While you may recognize him from his roles on both the small screen and big, Drake Bell also wants you to associate him with music.While you may recognize him from his roles on both the small screen and big, Drake Bell also wants you to associate him with music.
He may have some help from earning his first Billboard chart ink for "It's Only Time," his first major-label release, on Universal Motown. The set bowed at No. 81 on The Billboard 200 and No. 21 on the Rock Albums chart at the end of December.
"I wasn't sure at first how people were going to take it," Bell, 20, tells Billboard.com. "It really didn't matter, either. It was something I needed to do, for me. I'm really proud of what came out."
Bell first started performing when he was five -- as an actor in commercials. He went on to co-star in the Nickelodeon series "Drake & Josh" as a popular guitar-wielding, though sometimes ditzy, high school student. He also leant his talents to movies like "Yours, Mine and Ours," "Jerry Maguire" and as a young Rob Gordon in "High Fidelity."
"I don't really feel like people are going to see a new side of me or anything. A lot of who I am is in the work I do," he says. And he'd be right: his song "Found a Way," the second track on his 2005 self-released album "Telegraph," is the theme song to the Nickelodeon show. "I would say that I'm more than just a teeny-bopper artist ... that my music can appeal to people of all ages."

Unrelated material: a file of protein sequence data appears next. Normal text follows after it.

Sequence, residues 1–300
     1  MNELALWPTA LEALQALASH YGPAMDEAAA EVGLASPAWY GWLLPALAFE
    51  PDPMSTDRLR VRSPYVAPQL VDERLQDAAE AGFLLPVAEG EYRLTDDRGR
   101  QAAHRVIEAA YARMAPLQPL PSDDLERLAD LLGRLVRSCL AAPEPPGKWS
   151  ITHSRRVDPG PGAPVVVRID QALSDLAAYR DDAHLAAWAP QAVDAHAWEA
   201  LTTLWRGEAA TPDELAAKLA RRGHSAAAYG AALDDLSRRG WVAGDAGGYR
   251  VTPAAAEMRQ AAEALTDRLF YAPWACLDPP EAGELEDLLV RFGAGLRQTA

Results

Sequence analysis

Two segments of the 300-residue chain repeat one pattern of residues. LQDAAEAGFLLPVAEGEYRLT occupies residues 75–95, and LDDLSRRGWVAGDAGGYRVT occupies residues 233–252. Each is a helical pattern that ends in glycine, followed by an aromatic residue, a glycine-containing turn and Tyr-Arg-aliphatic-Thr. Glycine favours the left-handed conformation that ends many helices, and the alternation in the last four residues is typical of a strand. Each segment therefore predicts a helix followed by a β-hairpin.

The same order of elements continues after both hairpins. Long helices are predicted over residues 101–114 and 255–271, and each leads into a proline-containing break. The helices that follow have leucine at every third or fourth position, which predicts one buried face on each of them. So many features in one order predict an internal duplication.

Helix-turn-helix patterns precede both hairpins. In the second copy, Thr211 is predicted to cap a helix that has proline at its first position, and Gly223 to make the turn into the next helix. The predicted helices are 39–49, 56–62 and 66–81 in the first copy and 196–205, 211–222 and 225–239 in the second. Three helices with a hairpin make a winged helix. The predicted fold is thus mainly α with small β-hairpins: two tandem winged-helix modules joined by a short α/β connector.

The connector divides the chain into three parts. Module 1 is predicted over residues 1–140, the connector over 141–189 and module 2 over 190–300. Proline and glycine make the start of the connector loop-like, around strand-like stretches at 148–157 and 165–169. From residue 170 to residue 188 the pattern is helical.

The young singer/songwriter has had to do a lot of growing up on his own. After getting into a head-on collision in Los Angeles shortly before the New Year in 2005, Bell sustained a number of injuries to his face. The wreck left a deep gash in his chin and broke several bones in his jaw, leaving his mouth wired shut for nearly two months. "It just gave me a new, appreciative perspective on life," he says.
Less than six months later, he entered the studio with friends C.J. Abraham and Michael Corcoran and together they wrote, recorded, mixed and produced "It's Only Time." While his new label was hesitant to release an album that hadn't been touched by any of its appointed producers and musicians, Bell said that it only took one song for Universal executives to be convinced it could stand on its own.
"I think having it any other way would feel false. I felt capable that we could get it done, and we did," he says.
Having finished a slew of radio promotion dates, Bell is now attempting to organize a winter tour. He's still plucking through scripts and opportunities for movie roles, but, for now, "music's going to be my life for a while."